“The bylaws are very difficult to explain to someone who is just interacting and interfacing with the political context at Concordia for the first time,” said Gill. “But [the CSU] is not just a bunch of random people making arbitrary decisions; there are rules.”

Gill also added it “fundamentally doesn’t work” to show up to a GA, put a ballot in a box and leave.

“What happens if the question is changed halfway through? […] There’s also the question of losing quorum.”

When asked about the possibility of an online vote, VP Advocacy Morgan Pudwell said that this option is something “the CSU has probably looked [into] least four or five different times,” but security issues have limited its implementation.

“A couple of years ago the [Graduate Students’ Association] tried online voting for elections and they ended up having to annul the results because there were people going around with laptops [soliciting people to vote],” she explained.

Second Time’s The Charm?

While the vote set out a strike of one week, it’s unclear what will happen on March 23 once the mandate is over.

Students Cassie Smith, Anthony Garoufalis-Auger and CSU Councillor Irmak Bahar had co-endorsed a petition calling for another GA on that date, in which students would have voted on continuing the strike.

In the petition, they proposed a motion which would see the strike renewed immediately if passed, and would have mandated weekly GAs be held at which students would vote on whether or not the strike should continue.

However, while they had begun collecting signatures on March 9, and claimed to have 150 signatures, they have since decided to not continue with the petition.

“[CSU President Lex Gill] got in touch with us this morning, and told us that there are more departments and faculties having strike votes, including JMSB and ECS, and so we felt that given that participation, it made more sense [to have votes] at the faculty level, because it would offer greater participation and more autonomy,” said Smith.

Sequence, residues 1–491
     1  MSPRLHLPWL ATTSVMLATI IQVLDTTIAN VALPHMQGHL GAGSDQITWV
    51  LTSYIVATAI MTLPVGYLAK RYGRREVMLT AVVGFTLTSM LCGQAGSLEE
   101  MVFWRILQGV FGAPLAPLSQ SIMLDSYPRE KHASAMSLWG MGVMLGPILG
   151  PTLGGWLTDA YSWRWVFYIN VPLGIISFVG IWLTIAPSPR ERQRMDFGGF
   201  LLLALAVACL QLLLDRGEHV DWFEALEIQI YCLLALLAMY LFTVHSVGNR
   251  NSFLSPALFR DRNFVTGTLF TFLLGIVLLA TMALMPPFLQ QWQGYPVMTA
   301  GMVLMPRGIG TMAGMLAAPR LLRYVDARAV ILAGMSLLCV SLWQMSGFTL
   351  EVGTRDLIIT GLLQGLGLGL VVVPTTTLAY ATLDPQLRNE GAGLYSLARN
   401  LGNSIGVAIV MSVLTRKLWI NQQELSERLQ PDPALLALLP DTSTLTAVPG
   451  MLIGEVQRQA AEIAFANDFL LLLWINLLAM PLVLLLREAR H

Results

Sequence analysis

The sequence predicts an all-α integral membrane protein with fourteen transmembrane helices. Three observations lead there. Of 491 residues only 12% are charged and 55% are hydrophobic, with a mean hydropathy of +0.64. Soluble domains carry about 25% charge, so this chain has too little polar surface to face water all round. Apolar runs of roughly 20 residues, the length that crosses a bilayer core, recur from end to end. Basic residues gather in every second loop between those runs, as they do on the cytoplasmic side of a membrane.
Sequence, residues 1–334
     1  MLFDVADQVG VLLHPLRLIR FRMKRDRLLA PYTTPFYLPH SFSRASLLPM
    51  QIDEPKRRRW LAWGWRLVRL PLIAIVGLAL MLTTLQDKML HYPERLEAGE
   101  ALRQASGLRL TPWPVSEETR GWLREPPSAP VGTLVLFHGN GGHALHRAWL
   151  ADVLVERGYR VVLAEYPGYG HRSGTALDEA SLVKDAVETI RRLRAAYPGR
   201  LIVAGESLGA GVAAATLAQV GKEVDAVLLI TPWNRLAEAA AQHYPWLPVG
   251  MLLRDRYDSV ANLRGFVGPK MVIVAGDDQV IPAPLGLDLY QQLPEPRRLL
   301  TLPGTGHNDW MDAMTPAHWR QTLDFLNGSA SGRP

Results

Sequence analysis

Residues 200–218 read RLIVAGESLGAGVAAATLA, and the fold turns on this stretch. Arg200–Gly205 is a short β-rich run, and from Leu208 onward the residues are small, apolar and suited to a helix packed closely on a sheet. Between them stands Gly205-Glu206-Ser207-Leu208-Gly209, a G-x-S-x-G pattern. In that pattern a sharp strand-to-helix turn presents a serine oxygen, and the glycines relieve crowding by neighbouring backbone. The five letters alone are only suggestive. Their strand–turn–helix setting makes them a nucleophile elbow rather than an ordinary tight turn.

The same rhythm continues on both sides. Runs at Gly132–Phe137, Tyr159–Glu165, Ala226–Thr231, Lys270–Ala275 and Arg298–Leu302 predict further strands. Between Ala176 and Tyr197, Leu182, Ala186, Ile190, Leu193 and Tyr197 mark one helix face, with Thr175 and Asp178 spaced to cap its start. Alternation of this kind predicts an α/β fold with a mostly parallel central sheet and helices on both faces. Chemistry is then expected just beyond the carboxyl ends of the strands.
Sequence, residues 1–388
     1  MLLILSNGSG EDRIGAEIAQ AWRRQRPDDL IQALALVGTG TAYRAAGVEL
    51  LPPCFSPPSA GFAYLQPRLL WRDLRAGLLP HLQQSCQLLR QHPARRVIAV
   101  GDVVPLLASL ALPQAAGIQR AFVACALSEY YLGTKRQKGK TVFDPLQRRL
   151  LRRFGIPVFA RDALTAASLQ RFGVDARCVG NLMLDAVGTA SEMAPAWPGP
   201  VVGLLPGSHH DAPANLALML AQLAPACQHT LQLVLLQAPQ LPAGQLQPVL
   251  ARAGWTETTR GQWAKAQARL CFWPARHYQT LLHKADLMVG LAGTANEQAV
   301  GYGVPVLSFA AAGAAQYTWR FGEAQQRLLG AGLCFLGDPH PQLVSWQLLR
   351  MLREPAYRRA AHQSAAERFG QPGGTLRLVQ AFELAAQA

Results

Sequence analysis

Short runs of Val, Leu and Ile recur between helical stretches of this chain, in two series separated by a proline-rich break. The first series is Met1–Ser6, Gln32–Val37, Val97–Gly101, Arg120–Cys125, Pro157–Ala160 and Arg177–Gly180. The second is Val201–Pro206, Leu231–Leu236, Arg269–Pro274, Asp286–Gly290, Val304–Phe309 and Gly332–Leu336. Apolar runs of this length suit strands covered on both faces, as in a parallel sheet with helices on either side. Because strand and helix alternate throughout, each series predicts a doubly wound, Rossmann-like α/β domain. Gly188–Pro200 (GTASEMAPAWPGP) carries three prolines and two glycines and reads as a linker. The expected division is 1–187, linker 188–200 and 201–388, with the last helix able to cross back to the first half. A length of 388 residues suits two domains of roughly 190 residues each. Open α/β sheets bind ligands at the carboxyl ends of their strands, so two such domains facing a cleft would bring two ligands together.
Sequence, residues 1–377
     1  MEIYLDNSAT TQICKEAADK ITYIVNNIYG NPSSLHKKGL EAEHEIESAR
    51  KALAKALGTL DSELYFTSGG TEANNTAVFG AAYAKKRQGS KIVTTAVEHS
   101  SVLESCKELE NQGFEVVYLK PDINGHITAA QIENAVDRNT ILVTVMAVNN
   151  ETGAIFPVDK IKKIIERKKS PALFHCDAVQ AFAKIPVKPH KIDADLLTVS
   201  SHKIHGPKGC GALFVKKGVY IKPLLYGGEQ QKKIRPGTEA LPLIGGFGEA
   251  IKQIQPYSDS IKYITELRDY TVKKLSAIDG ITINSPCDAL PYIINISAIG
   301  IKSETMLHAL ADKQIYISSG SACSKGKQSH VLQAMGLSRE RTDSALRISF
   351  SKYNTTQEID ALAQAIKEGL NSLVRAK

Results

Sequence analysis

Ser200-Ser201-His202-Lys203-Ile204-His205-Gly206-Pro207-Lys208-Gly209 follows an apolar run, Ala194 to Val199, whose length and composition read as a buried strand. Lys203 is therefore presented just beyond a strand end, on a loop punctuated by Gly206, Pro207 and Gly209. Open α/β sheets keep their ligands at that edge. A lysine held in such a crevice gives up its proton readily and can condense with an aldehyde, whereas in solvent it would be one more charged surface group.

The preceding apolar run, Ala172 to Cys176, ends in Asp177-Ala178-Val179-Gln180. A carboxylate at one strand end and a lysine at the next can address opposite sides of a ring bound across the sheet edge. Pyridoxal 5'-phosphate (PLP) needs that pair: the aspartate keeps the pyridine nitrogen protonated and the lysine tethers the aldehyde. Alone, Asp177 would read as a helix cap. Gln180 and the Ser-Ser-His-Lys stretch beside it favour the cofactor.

Minimum Agreements Again

Part of the agenda of the second petition included a proposal that the CSU adopt the tenets of a Minimum Agreement.

It states that signees refuse to negotiate with the government unilaterally, that the lobby groups not recommend government propositions to their members so they can decide for themselves whether to adopt them, and that signees not denounce actions taken by other signees.

The agreement is not endorsed by the Fédération étudiante universitaire du Québec, the union to which the CSU belongs, and the CSU Council had previously rejected signing the agreement during a meeting on Feb. 8.

“We feel this is something that needs to be reconsidered, and a GA is the most democratic and membership-based way to do that,” said Smith on March 11.

The next day, however, she rescinded, saying, “We’re still discussing how to move forward with the Minimum Agreement. There are a couple of other options we’re looking at,” including calling for another GA at a later date.
Gill expressed support for revisiting the issue, either through a GA or at Council.

“Right now, I think that the Minimum Agreement conversation is a separate conversation from what’s on the table in terms of another GA either at the faculty level or CSU level,” said Gill. “I think it’s something worth revisiting at Council too.”